That and another reason for invalidity given by the court are discussed in the USCO Statement. Instead of Baker, the Office cites Feist Publications, Inc. v. Rural Tel. Serv. Co., 499 U.S. 340, 346 (U.S. 1991), saying “a question that was not present in the facts of Feist and therefore not considered by the Court, is whether the selection, coordination, or arrangement of preexisting materials must relate to the section 102 categories of copyrightable subject matter.“ USCO Statement at 37605.
Feist seems unhelpful, particularly because it leads to the observation, “unless a compilation of materials results a work of authorship that falls within one or more of the eight [listed] categories… the Office will refuse registration…. Thus, the Office will not register a work in which the claim is in a ‘compilation of ideas,’ or… a ‘compilation of rocks.’” Id. at 37607. It will, however, register “an original compilation of the names of the author’s 50 favorite restaurants.” Id. The juxtaposition of rocks and restaurants seems confusing, particularly when the web is replete with images of Cairns as sculpture.
When the Office turns to choreographic works, the discussion is no more lucid. It notes legislative history indicating “that the subject matter of choreography does not include ‘social dance steps and simple routines.’” Id. Thus, “A compilation of simple routines, social dances, or even exercises would not be registrable unless it results in a category of copyrightable authorship. A mere compilation of physical movements does not rise to the level of choreographic authorship unless it contains sufficient attributes of a work of choreography.” Id. But nothing defines “sufficient attributes of a work of choreography.”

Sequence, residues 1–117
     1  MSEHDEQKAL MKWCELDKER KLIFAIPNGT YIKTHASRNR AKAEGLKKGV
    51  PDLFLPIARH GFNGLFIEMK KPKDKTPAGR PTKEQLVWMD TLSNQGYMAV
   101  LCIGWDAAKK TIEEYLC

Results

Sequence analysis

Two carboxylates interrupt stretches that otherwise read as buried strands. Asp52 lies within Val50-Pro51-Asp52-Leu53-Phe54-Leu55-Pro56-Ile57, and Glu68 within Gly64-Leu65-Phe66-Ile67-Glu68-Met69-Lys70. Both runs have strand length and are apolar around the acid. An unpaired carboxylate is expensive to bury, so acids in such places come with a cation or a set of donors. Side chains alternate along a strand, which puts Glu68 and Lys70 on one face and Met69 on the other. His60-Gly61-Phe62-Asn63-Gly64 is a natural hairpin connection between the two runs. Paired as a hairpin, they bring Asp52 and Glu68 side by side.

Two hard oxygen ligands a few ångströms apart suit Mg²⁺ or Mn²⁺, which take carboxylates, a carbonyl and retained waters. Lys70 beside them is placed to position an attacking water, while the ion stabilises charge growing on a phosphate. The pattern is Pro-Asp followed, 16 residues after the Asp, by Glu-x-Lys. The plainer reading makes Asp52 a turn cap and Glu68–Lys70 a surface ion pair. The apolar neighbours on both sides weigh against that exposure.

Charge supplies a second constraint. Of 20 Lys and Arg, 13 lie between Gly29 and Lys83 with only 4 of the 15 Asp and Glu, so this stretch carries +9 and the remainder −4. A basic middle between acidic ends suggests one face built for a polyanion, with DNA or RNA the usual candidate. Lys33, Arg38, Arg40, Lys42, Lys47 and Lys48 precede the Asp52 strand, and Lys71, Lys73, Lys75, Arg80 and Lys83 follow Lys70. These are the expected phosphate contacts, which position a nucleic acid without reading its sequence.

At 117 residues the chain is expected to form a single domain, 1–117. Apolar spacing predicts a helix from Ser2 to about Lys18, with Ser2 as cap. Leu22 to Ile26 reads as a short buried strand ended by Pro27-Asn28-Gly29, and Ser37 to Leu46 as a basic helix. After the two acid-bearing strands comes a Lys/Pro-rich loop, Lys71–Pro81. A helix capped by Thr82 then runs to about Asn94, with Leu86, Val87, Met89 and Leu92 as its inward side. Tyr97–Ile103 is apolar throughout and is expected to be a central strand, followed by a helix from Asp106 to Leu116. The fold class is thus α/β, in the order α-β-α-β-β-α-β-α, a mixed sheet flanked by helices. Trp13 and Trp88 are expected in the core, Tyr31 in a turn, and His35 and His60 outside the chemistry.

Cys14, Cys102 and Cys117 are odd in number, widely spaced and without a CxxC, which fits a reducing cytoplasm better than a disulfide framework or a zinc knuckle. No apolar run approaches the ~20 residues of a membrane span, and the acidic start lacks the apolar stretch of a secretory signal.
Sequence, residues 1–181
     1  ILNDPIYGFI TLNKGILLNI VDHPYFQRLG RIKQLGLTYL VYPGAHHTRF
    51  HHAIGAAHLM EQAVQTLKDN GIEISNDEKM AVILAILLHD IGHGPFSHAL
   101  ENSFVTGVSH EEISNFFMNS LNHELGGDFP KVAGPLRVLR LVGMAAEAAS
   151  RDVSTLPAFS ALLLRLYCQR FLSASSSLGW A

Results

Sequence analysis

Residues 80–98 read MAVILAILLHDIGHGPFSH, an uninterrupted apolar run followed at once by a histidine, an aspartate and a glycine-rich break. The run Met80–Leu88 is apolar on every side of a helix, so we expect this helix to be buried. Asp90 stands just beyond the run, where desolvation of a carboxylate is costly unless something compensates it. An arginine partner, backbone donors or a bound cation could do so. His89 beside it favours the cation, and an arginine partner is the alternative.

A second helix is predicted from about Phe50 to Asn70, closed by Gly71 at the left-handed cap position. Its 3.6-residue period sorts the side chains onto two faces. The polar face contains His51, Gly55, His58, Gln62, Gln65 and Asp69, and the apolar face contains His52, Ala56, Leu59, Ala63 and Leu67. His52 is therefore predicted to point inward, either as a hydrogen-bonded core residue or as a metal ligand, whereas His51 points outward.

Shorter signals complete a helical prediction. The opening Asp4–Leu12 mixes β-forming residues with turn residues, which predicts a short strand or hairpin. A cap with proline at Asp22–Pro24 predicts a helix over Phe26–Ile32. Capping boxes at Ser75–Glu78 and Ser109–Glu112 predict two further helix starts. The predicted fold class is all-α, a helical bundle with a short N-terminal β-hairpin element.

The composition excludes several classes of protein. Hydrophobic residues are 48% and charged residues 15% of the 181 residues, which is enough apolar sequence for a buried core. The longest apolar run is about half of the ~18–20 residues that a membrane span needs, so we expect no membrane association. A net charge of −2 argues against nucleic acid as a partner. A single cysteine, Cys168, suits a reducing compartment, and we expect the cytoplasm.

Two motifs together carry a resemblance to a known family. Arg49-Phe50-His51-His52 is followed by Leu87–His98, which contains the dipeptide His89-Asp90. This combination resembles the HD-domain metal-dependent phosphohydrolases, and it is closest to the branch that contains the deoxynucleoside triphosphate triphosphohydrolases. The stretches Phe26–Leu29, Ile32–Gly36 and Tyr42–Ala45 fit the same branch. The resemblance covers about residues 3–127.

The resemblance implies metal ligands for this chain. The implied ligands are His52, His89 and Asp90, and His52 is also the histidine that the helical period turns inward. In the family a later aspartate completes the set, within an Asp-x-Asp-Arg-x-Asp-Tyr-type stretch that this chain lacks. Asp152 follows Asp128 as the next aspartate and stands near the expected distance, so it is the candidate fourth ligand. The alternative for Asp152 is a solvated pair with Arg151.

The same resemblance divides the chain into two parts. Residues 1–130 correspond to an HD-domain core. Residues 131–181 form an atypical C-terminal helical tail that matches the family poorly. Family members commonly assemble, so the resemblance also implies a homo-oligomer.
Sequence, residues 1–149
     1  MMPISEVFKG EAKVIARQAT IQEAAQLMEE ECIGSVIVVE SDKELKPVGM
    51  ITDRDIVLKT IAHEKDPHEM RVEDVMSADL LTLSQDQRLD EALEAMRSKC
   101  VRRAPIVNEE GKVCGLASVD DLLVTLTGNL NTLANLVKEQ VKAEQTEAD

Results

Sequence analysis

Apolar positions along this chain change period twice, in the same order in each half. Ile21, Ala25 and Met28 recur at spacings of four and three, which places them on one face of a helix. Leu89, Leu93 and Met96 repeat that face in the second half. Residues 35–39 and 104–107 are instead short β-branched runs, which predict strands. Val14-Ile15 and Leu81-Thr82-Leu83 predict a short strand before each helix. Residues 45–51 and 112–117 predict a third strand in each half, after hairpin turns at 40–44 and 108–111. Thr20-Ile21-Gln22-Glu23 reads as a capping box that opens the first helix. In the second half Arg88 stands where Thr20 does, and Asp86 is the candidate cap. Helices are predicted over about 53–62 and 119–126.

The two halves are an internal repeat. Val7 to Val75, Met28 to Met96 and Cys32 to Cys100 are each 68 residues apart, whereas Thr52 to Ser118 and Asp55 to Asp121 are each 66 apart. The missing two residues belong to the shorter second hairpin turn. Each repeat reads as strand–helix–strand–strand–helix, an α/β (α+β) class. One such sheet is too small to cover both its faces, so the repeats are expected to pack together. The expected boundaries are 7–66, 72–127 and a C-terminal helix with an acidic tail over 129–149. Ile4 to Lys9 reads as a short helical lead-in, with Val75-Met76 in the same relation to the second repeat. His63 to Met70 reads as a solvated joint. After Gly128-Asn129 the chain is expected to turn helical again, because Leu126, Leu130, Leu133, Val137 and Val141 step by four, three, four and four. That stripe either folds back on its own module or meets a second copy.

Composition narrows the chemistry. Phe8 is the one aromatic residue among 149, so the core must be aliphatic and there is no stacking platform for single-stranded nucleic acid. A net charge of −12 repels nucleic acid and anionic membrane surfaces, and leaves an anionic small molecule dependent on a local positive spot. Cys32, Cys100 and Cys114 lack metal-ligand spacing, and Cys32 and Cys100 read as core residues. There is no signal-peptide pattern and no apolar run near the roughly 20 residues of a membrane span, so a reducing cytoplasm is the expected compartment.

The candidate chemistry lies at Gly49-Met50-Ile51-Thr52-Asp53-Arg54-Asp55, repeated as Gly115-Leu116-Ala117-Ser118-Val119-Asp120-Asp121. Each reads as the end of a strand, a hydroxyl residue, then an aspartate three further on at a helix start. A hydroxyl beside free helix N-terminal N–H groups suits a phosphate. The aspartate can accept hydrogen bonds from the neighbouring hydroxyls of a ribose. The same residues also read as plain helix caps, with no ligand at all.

For that, it is useful to consider, as the Office does, Borge Varmer, Copyright in Choreographic Works (1959), the 28th in an important series of studies reproduced at http://www.copyright.gov/history/studies.html. It indicates agreement (of those whose views were sought) that works such as the “Cha-Cha Slide” or “Macarena” would not be protected. With one exception, guidance is sparse.
Agnes George DeMille, however, in the second of two letters says, “let me make it clear that what the choreographers want is not protection against the performance of their dances, but performance for pay. … [I]f an exhibition piece of ballroom steps is devised and this combination is copied and performed for money, I think some infringement of rights has taken place. …[C]opyright must be based on the principle and not on the quality or type of performance.” That echoes Justice Holmes in Bleistein v. Donaldson Lithographing Co., 188 U.S. 239, 252 (1903), where he writes, for example, “if [illustrations] command the interest of any public, … it would be bold to say that they have not an aesthetic and educational value, — and the taste of any public is not to be treated with contempt….”
Although Ms. DeMille’s comments are not free from ambiguity, I read them to mean that protected works should be intended for spectators, not participants. From that perspective, yoga sequences performed for rather than by audiences should be protected. In the unlikely event there would be a need, that seems more useful than the observation that, to be protected, choreographic works require attributes of choreography.
Note: Professor Field makes no claim to choreographic credentials; those are limited to twice being in an all-male performance of Swan Lake.